While character creation is a letdown, the beginner’s area and first world within the game is quite possibly one of the best first impressions I’ve seen in a MMO. Generally, you’re just trying to get through prologue and tutorial areas when you play a game of this type; not so with SWTOR. The moment your game loads, you’re provided with a story and a reason to enjoy this initial area. I should probably go ahead and mention that even during the first portion of the game, each individual class has their own personal story to play through. So, you could theoretically play through the starter area with each class and have a unique experience each time. Doing so would already provide you up to 16-20 hours of gameplay time depending on how much you explore each storyline and world.

There’s no soulless NPC handing you a “Kill 10 rats, and bring me their hides” quest, to which you go complete the task and simply move on. Each quest has its own insular story, which you communicate with the NPC and your character reacts to him/her as you see fit. The dialogue in this game is astounding, as having everything voice-acted really gives the experience a level of presentation I’ve never seen in a game of this type, or even most single-player RPG’s.

One major problem with most MMO’s is that they have very little emotional depth, and characters you use generally have no personality. This problem is fixed in SWTOR, where even in the beginning of the game you start to shape your character and make decisions which will have an impact as you continue playing. If you want to use a Han Solo like character who’s simply in it for the credits, you can do so. Coincidentally, this is the type of character I’m using. His name’s Aranas; a level 24 Smuggler Scoundrel who’s just wanting to make money and will generally take the easy way out when fixing a problem.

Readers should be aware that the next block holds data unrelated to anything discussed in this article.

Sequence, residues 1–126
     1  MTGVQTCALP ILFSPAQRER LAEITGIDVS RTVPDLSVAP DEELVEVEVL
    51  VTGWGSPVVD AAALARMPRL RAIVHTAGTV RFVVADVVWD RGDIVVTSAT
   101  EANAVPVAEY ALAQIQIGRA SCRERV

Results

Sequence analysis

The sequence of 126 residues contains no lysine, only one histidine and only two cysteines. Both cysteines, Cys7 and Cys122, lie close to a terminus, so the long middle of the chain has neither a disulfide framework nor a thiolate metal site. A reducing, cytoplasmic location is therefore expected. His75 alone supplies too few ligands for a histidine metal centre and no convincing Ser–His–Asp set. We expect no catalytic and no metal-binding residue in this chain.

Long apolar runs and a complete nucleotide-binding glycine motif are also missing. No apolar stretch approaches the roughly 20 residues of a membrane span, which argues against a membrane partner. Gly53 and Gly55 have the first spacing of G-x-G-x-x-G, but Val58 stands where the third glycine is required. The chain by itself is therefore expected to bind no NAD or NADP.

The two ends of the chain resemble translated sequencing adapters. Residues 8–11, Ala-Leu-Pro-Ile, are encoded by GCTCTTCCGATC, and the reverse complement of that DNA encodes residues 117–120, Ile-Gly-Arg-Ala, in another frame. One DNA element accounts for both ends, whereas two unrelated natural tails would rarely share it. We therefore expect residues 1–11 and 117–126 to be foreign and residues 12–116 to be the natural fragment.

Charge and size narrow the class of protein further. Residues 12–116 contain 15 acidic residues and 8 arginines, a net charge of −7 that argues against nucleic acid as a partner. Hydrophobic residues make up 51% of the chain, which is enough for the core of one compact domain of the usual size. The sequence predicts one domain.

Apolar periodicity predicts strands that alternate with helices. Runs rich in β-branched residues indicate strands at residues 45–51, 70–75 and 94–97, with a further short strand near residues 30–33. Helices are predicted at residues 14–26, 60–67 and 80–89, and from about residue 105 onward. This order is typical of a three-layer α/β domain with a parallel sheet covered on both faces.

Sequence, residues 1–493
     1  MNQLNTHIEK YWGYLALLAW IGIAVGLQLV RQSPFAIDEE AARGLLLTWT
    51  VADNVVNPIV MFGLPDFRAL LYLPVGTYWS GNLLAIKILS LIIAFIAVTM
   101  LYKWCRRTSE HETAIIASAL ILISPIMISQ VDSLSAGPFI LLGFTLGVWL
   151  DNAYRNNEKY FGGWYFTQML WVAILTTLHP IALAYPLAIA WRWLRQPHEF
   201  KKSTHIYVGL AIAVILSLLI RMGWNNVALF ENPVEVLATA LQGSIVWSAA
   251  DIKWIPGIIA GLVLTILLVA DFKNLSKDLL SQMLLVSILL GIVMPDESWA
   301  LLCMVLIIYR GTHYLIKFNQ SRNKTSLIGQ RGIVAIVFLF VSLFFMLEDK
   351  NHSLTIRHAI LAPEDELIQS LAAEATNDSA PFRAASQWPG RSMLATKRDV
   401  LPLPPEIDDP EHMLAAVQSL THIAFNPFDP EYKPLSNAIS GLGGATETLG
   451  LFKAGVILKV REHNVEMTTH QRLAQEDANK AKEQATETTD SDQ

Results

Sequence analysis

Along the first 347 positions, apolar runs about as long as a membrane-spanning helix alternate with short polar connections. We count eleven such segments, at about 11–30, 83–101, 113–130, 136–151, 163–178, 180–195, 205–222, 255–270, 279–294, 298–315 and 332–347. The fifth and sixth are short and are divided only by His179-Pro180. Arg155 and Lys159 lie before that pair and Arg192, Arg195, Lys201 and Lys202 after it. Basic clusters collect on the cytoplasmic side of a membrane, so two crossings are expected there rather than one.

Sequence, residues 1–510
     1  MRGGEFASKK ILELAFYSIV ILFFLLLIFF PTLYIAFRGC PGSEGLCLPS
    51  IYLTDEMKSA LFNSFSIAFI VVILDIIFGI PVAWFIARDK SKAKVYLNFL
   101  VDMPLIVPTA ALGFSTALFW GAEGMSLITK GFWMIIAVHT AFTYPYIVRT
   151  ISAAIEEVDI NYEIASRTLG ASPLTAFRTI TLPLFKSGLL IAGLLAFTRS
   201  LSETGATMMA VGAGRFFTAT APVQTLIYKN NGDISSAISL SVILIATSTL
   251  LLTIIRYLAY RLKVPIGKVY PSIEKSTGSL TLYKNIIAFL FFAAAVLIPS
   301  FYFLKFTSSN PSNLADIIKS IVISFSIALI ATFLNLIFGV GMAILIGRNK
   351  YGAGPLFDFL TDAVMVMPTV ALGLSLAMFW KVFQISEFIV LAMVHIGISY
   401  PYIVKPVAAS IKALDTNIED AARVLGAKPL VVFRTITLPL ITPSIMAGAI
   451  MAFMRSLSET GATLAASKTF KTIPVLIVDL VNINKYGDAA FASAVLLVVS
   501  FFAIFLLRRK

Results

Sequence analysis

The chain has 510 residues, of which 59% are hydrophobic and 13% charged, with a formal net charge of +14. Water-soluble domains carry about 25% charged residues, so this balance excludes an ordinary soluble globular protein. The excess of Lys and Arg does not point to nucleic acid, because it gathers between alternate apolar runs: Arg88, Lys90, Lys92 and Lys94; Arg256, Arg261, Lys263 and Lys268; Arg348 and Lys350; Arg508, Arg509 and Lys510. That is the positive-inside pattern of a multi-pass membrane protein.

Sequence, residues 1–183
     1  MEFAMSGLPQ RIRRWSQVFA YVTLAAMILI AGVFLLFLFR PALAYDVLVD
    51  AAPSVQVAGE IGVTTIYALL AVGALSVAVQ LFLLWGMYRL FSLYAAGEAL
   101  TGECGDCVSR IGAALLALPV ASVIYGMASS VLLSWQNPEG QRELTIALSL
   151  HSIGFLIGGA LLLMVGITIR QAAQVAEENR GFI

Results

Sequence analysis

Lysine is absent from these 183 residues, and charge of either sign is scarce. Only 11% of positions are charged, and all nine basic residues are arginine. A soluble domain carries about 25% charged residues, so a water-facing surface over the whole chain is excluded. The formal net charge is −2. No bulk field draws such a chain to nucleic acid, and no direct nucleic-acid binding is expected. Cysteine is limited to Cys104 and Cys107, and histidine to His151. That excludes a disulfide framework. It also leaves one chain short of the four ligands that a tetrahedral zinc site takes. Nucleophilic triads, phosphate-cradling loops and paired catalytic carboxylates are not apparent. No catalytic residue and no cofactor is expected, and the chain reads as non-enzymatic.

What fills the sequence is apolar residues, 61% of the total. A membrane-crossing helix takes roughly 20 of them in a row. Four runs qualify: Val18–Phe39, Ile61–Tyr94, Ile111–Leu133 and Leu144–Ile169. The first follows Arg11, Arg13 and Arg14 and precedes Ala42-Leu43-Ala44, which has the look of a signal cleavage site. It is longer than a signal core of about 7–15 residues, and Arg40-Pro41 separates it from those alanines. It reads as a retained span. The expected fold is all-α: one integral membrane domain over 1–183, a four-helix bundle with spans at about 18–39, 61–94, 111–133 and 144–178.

(Bounty Hunter dialogue, *spoilers)

The game keeps track of your moral decisions with a light/dark side meter, which will fluctuate as you decide to do the right or wrong thing. I haven’t really unlocked the full use of this meter, though later in the game you unlock exclusive equipment depending on your alignment.

Once you leave the first world, the game begins to really open up and it can be a bit intimidating at first. One of the first options presented to you is an instanced “Flashpoint“. These are self-contained areas which require you to group up with others to utilize teamwork. One of the concerns many people had, myself included is whether or not BioWare would be able to provide the ‘multi-player’ aspect which is required for MMO’s. My journey through level 24 has already had me pair up with many groups as you’ll come across standard quests which require 4-man groups to complete. There are already three flashpoints to play through as well, so there’s plenty of group content to enjoy.